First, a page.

Mark Allen says problems he is facing away from the sport mean he is “unsure if he will get any of his prize money” for winning the Northern Ireland Open.
The Antrim player recovered from 8-6 down to beat John Higgins 9-8 in a thrilling final at the Waterfront Hall, collecting a first prize of £70,000.
Allen declared himself bankrupt in May and says he is unsure if he will be able to continue playing the sport.
“I’m hoping I can go on playing. It’s out of my hands,” explained Allen.
“I’m not sure if I’ll be able to play in the next tournament the way things are and am unsure how much I’ll be able to play long-term. That’ll take care of itself in the next few months.
“All that has happened in the last 18 months have put things into perspective for me and made me realise how much I love the sport, how much I love the competition.
“I think the threat of possibly not being able to play going forward has made me appreciate the game a lot more.
“I want to continue playing snooker because it’s what I love to do – it’s the only thing I’m good at, the only thing I’ve ever done in my life.”
‘Mentally in a good place’
Allen has spoken in the past about coping with mental health issues and of undergoing divorce proceedings from wife Kyla.
After losing to Mark Selby in the second round of the World Championship in April, the reigning Champion of Champions winner hinted at taking time away from the sport because of his personal off-table difficulties but has bounced back to clinch the sixth ranking event title of his career and move up from 11th to ninth in the world rankings.
“To win another tournament with all that is going on in the background shows where I am at mentally,” said the 35-year-old after his success in Belfast.
“Mentally I am in a good place with good people around me and winning this title is a memory I will cherish for the rest of my life.
“I think with everything that’s going on off the table for me, which I’ll not go into, I think it’s making me stronger as a person.
“There were a number of things that happened this week that in years gone by I would have let affect me and got beaten, but I’m just in a good place right now.”
‘Best atmosphere I’ve ever played in’
Allen twice led by two frames in Sunday’s final before Higgins battled back to level at 4-4 after the first session.
After sharing the next four frames, the four-time world champion took command by winning two in a row, but Allen surged back, winning the last three to seal an emotional win.
“It was the best atmosphere I have ever played in and comes second only to winning The Masters in terms of my career so far.
“The Masters is one of the biggest tournaments we play for – it’s one you’ll be judged on in your career when you finish.
“I’m a proud Northern Irishman and I get so much support here. It’s completely surreal. I dug deep at the right times and never gave up,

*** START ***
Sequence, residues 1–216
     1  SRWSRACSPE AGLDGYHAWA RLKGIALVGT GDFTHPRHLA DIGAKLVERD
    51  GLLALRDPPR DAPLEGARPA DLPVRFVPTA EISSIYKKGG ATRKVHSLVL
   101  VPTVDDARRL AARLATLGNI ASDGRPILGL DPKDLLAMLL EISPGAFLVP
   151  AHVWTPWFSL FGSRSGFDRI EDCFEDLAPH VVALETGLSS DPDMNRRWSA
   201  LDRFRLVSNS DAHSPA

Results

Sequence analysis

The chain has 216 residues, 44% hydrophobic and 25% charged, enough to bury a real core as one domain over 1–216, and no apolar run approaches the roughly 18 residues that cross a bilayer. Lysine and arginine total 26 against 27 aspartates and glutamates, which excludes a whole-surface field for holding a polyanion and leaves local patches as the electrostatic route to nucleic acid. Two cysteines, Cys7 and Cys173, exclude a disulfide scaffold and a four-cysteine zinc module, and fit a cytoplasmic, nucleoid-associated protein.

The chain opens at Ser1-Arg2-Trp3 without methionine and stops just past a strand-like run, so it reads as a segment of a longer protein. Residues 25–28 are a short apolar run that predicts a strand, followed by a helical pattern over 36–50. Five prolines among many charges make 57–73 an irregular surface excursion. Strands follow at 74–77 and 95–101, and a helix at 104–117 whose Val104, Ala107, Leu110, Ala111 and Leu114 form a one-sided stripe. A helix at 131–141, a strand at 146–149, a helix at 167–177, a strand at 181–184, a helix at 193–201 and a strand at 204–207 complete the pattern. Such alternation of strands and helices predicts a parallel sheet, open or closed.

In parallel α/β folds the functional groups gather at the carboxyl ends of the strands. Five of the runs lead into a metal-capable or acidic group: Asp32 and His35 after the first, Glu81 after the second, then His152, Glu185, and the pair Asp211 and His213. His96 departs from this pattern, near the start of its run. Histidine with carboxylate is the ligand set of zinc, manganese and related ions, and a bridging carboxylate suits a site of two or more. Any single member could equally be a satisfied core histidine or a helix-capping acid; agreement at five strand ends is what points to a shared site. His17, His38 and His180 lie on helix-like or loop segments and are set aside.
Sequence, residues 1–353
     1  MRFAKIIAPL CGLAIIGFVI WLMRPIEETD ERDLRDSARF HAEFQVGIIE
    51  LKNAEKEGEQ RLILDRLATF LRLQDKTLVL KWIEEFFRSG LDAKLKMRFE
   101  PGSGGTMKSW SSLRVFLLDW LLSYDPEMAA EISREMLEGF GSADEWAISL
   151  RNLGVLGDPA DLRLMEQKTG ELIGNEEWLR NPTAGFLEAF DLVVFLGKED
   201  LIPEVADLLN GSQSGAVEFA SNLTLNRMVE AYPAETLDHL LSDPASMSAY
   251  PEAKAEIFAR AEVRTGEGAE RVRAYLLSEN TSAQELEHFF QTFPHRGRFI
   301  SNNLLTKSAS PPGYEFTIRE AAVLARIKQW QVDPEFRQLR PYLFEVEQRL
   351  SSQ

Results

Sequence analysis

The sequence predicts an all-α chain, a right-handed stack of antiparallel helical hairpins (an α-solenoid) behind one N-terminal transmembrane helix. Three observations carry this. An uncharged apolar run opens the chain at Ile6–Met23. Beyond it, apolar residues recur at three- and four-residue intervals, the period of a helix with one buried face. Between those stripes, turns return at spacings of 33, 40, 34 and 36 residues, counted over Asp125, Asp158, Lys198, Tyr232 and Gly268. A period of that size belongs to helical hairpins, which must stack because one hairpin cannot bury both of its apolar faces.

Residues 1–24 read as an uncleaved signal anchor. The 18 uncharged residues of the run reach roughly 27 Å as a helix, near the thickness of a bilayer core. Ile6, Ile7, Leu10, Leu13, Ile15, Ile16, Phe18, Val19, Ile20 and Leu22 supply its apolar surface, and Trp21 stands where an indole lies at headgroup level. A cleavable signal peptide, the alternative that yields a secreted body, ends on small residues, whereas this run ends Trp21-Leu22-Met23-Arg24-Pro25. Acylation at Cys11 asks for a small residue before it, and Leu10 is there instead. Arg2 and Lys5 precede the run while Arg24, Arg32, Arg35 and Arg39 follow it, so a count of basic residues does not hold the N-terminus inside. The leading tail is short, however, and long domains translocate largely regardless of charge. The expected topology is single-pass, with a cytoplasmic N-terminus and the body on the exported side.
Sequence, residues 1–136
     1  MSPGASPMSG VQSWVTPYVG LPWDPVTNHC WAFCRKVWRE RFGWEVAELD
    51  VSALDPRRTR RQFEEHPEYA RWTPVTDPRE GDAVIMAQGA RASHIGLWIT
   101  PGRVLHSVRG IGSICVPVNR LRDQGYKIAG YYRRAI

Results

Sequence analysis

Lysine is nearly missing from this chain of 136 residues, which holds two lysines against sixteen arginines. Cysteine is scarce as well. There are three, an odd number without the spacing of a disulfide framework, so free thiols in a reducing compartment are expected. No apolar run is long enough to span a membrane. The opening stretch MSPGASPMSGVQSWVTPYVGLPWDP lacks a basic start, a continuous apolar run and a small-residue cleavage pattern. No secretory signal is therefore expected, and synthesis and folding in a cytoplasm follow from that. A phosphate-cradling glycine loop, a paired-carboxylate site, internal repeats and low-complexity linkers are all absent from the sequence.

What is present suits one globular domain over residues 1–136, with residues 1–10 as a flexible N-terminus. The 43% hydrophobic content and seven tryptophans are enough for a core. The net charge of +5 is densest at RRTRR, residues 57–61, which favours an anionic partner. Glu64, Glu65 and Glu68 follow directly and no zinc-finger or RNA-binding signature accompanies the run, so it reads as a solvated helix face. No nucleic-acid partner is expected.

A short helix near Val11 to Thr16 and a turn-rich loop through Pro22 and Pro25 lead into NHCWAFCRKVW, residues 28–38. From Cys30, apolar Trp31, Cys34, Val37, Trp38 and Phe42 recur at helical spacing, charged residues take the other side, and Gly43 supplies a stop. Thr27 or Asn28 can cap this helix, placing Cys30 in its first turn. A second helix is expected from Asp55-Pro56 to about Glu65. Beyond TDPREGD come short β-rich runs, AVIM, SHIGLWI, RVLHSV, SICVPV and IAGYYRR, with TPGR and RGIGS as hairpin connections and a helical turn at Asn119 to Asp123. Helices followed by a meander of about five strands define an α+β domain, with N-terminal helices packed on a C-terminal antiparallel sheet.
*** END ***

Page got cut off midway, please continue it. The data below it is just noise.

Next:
“Being from Northern Ireland, like Alex Higgins and Dennis Taylor, who both won world titles, I’m part of that history, and there’s no reason I can’t win a world title.”
‘I could hardly feel my legs’
“Honestly, when I got the chance at the very end there, I could hardly feel my legs. Every ball I potted, the roar was just ridiculous. Every ball I potted the hairs started to stand on the back of my neck.
“It was hard to focus and I had a great chance on the yellow and somebody decided that was the time they wanted to leave the arena. I had to gather myself and it’s not what I needed, I just wanted to get down and pot them.
“The roar, I’ve never heard anything like that in my life when the brown went in and had to steady myself to make the blue. Just to give that back to people of Northern Ireland after such a tough time. I’ve done my job as a Northern Irish snooker player.
“I’m a proud Northern Irishman and I get so much support here. It’s completely surreal. I dug deep at the right times and never gave up.”
‘I felt myself welling up’
The Northern Irishman, whose best previous performance in his home event was reaching the quarter-finals in 2016, capped a memorable week which included hitting a 147 in the first round before coming back from 3-0 down to stun three-time defending champion Judd Trump in the quarter-finals.
“I was trying to not get ahead of myself all week. I tried to play it down and it was only when I got the chance in the last frame that I realised what I was about to do. It was a weird feeling. It felt like ‘oh wow, all I can do now is fall apart’ and I didn’t really have that all week, I felt calm.
“The last few balls, the green and brown, I felt myself welling up and I’ve never had that on a snooker table in my entire life. I’m just glad I managed to pot a few balls before I did start crying.
“I don’t get down on myself the way I would when I was missing balls, I’m just trying to look forward to the next shot, the next frame, the next match. It’d be great if I can continue to play for a lot of years to come and I do believe I have the ability to bring a world title back to Northern Ireland.”